James Sherr OBE has been Senior Fellow of the Estonian Foreign Policy Institute at the International Centre for Defence & Security in Tallinn since 2019. He also is an associate fellow and former head of the Russia and Eurasia programme at Chatham House (2008-11).

He was a member of the Social Studies Faculty of Oxford University from 1993 to 2012; a fellow of the Conflict Studies Research Centre of the UK Ministry of Defence from 1995 to 2008; and director of studies of the Royal United Services Institute (1983-85).

He has published extensively on Soviet and Russian military, security and foreign policy, as well as energy security, the Black Sea region and Ukraine’s effort to deal with Russia, the West and its own domestic problems.

He was awarded an OBE in the 2020 New Year’s Honours List for his services to British interests overseas.



Sam Ashworth-Hayes is the Director of Studies at the Henry Jackson Society. Prior to joining HJS, Sam co-founded a startup using satellite imagery to support the installation of urban green infrastructure, raised funding and built a team to develop prototype products and deliver the first commercial trials. He has also previously worked designing field and lab experiments in behavioural economics, and as a journalist and researcher. Outside of academia Sam writes regularly for outlets including The Spectator, CapX, and National Review on economics and politics, and has made media appearances for the BBC, GB News, and Times Radio. He holds an MPhil in Economics from the University of Oxford, and a Bachelors in the same from the University of York.





On the 23rd February 2022 Sam Ashworth-Hayes, Director of Studies at the Henry Jackson Society, James Sherr OBE, Senior Fellow of the Estonian Foreign Policy Institute at the International Centre for Defence & Security in Tallinn, Dr Taras Kuzio, Professor in the Department of Political Science, National University of Kyiv Mohyla Academy, and Eugene Fishel, Division Chief in the Bureau of Intelligence and Research at the United States Department of State, and Olesya Ostrovska-Liuta, Director General of the Mystetsky Arsenal discuss Russian Nationalism and the fraught relationship between Russia and Ukraine. In addition, they discussed Dr Kuzio new book on the Russia-Ukraine war.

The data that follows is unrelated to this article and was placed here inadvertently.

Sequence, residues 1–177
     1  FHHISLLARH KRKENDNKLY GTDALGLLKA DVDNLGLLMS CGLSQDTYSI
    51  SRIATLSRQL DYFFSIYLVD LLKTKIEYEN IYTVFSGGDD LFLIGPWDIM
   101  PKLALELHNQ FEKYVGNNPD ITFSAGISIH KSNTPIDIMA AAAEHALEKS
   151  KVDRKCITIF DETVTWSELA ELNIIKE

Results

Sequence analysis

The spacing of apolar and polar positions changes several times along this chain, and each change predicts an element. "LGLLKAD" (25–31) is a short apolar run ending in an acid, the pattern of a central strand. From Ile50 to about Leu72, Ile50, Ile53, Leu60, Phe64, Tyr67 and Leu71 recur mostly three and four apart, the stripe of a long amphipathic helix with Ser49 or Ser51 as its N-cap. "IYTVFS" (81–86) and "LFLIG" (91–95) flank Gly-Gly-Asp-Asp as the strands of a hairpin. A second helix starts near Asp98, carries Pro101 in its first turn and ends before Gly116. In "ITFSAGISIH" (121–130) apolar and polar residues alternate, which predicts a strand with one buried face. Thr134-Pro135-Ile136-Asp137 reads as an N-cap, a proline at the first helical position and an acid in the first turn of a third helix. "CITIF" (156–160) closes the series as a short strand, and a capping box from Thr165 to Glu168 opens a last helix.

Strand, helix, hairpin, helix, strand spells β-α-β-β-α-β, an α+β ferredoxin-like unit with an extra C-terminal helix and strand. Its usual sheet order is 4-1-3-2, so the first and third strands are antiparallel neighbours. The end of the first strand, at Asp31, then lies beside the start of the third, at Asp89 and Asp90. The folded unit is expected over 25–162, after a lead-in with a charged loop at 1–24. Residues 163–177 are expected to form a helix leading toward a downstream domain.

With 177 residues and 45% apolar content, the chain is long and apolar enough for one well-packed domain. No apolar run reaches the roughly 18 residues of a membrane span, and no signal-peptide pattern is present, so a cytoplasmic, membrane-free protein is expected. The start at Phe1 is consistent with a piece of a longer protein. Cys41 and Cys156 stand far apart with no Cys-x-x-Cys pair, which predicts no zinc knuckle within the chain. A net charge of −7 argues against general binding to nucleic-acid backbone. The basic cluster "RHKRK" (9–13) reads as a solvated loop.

Sam Ashworth-Hayes began the discussion and introduced the speakers and Dr Kuzio then spoke about his book. He argues that researchers of Russia in the West have downplayed Russian nationalism and that Russians have not accepted the current borders of the Russian Federation. He identifies key junctures that have caused the current crisis and focused on the role of Boris Yeltsin and a return to Tsarist Russian nationalism. James Sherr then spoke about his own research and agreed with Dr Kuzios’s argument that the west has underestimated the strength of Russian nationalism and that Putin cannot comprehend Ukrainian identity. Eugene Fishel argued that white Russian émigrés helped advance a false nationalist historiography while also speaking about how Putin views Ukrainians as lost brothers and as a mortal threat to Russia. Olesya Ostrovska-Liuta agreed with the points set out by the co-panellists and argued that Russia is acting now because people in Eastern and Southern Ukraine becoming more supportive of joining NATO.

The discussion then closed with a series of question from the audience ranging from what the consequences of Russian invasion would be and how western inaction could have enabled Putin, as well as potential tools the West can use to punish Russian aggression.


23rd February 2022
6:00 pm - 7:00 pm


Eugene Fishel, Dr Taras Kuzio, James Sherr OBE